Shen Yun Is a Rainbow Kaleidoscope of Culture, Dance, and Beauty, Artist Says

January 30, 2020

BOISE, Idaho—A longstanding tradition in the art world is to look to the divine for inspiration. From Michelangelo and his Sistine Chapel to folk musicians in China to J.S. Bach, many artists have given heaven credit for helping them with their creations.

Rose Slick of Idaho is an artist who appreciates this tradition and witnessed a present-day example of it when she attended Shen Yun Performing Arts at the Morrison Center for the Performing Arts on Jan. 29, 2020.

“When the singer sang, and the words, the words made me cry because a lot of what was said is part of my spiritual belief,” Slick said. “You know how we’re all divine and we’ve forgotten. And true faith fulfilled will deliver you from darkness. It is very deep and profound and immediately I can feel it in my heart.”

New York-based Shen Yun is reviving traditional Chinese culture, which is considered divinely-inspired and contains an essence that is rich in spiritual beliefs and practices. The roughly 20 short pieces in a Shen Yun performance portray characters, images, and themes drawn from China’s 5,000 years of civilization The inherent spirituality is present in everyday life and customs and glimpsed in the stories that show parts of Buddhism, Daoism, and a lesser-known practice called Falun Dafa which follows in that tradition. Falun Dafa is a practice of self-refinement that includes moral principles and energy-strengthening exercises. Shen Yun artists themselves follow Falun Dafa in their daily lives because they say it brings their performances to greater levels of emotion and artistry.

“[Shen Yun] is beautiful,” Slick said. “I love it. I love it. It’s so colorful and expressive, and creative and funny and intricate and multi-layered, and everyone’s so talented. It’s mind-blowing. I can’t fathom it. It’s just amazing.

“It’s so beautiful. It’s like looking at a sunrise or a galaxy. It’s just gorgeous,” Slick continued, adding that the artists could not have done a better job portraying traditional Chinese culture: “It’s top-notch!”

What especially touched the artist’s heart in Shen Yun are “the colors and the background and then how the dancers kind of match it with their movements and their outfits and their expressions.”

Slick found deep meaning throughout the performance and said the message she perceived changed from piece to piece.

“[The message] is very well portrayed, it’s very well expressed. You get the point of what’s happening. Every dance is different, but I like how they bring what’s happening in China here, in a beautiful, fun way. But also it shows the seriousness of some of it,” Slick said.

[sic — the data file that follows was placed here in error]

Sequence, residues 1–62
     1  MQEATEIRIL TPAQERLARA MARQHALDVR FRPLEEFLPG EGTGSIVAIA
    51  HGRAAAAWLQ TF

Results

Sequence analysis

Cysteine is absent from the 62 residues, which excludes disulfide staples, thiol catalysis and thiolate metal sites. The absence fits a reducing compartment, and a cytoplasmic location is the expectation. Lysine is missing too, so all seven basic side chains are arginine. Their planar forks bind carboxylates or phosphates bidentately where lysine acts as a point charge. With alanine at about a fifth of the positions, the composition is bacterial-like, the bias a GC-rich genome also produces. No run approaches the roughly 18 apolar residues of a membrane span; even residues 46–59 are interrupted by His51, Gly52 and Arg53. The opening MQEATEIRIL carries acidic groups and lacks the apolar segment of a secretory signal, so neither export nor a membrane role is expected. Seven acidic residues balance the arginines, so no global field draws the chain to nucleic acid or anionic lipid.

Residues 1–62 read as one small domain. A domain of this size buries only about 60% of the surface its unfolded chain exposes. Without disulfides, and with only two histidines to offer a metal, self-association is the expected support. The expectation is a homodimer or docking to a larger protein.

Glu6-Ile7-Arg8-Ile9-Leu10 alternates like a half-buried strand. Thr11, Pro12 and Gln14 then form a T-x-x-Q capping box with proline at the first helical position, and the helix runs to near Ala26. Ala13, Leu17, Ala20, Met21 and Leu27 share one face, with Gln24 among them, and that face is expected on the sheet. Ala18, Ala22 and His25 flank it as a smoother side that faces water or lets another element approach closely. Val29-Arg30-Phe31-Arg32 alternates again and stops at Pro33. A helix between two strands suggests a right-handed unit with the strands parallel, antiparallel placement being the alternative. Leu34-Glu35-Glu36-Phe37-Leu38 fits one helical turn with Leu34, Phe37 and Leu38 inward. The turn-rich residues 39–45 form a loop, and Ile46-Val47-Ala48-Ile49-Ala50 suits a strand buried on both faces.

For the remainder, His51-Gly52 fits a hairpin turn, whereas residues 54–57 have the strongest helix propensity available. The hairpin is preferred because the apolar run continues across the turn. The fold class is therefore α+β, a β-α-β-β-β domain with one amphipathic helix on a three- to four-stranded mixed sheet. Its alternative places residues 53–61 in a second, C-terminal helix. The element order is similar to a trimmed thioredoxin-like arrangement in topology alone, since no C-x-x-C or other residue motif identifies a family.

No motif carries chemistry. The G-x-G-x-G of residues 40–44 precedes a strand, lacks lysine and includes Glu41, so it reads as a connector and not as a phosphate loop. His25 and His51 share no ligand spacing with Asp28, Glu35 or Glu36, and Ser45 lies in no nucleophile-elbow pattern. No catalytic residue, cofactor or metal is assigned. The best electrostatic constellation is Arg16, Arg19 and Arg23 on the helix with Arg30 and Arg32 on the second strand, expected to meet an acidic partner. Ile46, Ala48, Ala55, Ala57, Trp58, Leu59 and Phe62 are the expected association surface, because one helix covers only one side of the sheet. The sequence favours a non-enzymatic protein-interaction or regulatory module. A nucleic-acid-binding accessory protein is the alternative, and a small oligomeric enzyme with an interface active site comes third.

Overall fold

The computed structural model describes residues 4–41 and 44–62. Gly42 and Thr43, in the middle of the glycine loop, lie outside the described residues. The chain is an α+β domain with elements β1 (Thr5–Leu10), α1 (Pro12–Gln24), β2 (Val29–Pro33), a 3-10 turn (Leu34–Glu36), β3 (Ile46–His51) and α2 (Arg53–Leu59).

“[The meaning] depends on the dance. So, you know, one dance can be happy and just showing how a village comes alive at night or how a palace used to look. I like how different dances show different historical meaning, like they would dance for the emperor. Or the kind of darker one about the prison and being persecuted that shows what’s happening now. And so each different dance has a different meaning,” she added.

A few of the stories in Shen Yun depict the brutal persecution of Falun Dafa practitioners in China today. Christians, Tibetans, and ethnic Uighurs are also targets of China’s communist-led campaign to try to wipe out the traditional and spiritual essence of China that the regime feels is a threat to its legitimacy. Many find hope and solace in those scenes because of how practitioners of Falun Dafa are responding to brutality with compassion, hope, and faith.

Slick said of the pieces that portray persecution: “It’s sad. Of course, my heart feels for them.”

The fine artist has already been recommending Shen Yun to her friends since this was not her first viewing of one of the performances.

“I lived in Japan and I saw them when I was in Japan and it’s been maybe three years. So I had to come back and see them when they came here. But I’ve been telling all my friends to come see them.

“It’s a rainbow kaleidoscope of culture and dance and beauty. I love it!” she said.

With reporting by Lily Yu and Brett Featherstone.

The Epoch Times considers Shen Yun Performing Arts the significant cultural event of our time and has covered audience reactions since the company’s inception in 2006.

Boise, United States